How to Trade a Long Put Option

  • March 27, 2019

Watch our video below on how to trade a long put.

What Is a Long Put Option Strategy?

  • A long put option strategy consists of buying a put option contract, which means that you are bearish on the underlying security. You can buy an ITM, OTM, or ATM strike and need to choose an expiration date that coincides with your risk tolerance.

Do you know what a long put means in options trading? Options are popular trading vehicles use to grow small accounts into large ones as well as speculate and hedge bets. Watch our video above on long put options and how they work. 

Options have a strategies to profit in any market. Whether the market is up, down or trading sideways, you can make money. Hence their popularity and why it's important to know what a long put is.

Did you know that a long put is just another name for buying a put? If you're new to options trading you may be overwhelmed by what you're coming across.

​Now we're adding another term for you to remember? The more you delve into options, the more you'll see strategies have more than one name they go by.

As a result, pick the name you're most comfortable with and stick with it. If buying a put is easier to remember than long put, then by all means, stick with buying a put.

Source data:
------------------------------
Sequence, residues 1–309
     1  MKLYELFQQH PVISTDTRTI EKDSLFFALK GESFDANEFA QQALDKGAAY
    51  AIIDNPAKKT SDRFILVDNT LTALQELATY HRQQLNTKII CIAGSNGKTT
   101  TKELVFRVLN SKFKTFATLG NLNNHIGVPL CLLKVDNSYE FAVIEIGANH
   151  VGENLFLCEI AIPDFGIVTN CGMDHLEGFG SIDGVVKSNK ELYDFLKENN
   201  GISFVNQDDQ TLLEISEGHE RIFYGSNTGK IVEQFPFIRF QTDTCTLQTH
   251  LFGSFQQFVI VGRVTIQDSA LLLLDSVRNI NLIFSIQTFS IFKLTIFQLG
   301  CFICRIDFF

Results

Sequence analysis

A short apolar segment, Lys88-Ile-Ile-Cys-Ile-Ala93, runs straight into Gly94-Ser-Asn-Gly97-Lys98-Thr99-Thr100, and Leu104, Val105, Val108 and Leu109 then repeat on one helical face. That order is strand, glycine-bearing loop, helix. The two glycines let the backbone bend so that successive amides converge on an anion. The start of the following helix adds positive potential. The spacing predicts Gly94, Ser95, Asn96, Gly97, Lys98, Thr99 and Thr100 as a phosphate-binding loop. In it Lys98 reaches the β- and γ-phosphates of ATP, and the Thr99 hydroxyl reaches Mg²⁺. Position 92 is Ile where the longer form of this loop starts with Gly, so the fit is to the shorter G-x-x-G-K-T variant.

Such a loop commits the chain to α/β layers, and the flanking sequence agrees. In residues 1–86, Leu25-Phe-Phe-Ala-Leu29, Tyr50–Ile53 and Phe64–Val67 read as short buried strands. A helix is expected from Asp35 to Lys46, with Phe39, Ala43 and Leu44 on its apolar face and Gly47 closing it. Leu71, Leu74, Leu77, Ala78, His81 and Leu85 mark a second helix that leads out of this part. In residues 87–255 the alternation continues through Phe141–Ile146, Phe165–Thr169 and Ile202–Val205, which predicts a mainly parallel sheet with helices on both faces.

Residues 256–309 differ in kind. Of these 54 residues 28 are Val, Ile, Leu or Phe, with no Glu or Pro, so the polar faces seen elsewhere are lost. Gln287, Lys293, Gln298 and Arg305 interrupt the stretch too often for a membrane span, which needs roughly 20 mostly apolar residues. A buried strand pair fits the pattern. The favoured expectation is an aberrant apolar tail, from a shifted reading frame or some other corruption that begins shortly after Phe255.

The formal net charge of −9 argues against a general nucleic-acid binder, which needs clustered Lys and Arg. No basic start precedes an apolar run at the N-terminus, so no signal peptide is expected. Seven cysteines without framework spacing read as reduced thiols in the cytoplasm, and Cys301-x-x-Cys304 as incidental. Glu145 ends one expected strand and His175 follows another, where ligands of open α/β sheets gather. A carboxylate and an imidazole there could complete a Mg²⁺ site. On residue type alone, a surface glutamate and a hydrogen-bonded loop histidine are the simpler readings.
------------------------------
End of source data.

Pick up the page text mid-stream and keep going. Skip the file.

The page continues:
They're the same thing after all. However, if you're aware that they have other names, you won't be caught off guard if you hear someone talking options and using different terminology.

When you're learning to trade getting caught up in the minutia of all the terms isn't as important as learning the strategy. Trading services like ours are here to teach you the strategy of the long put as well as other options trading strategies.  

long put

1. Why Trade Options?

Options have become increasingly popular because of their ability to trade large cap stocks less expensively. As a result, you have the ability to grow a small account trading the large cap stocks as opposed to penny stocks.

However, both options and penny stocks are risky. Although one is riskier than the other. Knowing options strategies like the long put or buying put options allows you to make money in a bear market.

Options give you the right but not the obligation to buy (call) or sell (put) a stock at a predetermined price within a set time. In other words, going long means you're paying the premium to control shares.

One contract controls 100 shares. Hence the more contracts you buy, the more shares you control. Owning those shares outright is going to be more expensive than paying the premium on them.

Options have moving parts, like extrinsic value, which makes them seem scary and overwhelming to the new trader. However, they're great vehicles for making money no matter what the market is doing. 

Like with anything that's worthwhile, it takes a little bit of time and dedication. Take our options trading course if you want to demystify options.

2. Shorting vs the Long Put

A long put is buying a put option. Buying a put options means you're bearish on the trade. If you were to look at the stock trading equivalent, it'd be short selling.

When you short a stock, you're borrowing shares from your broker with the belief that the stock is going to fall. If it does, you cover or buy back the shares.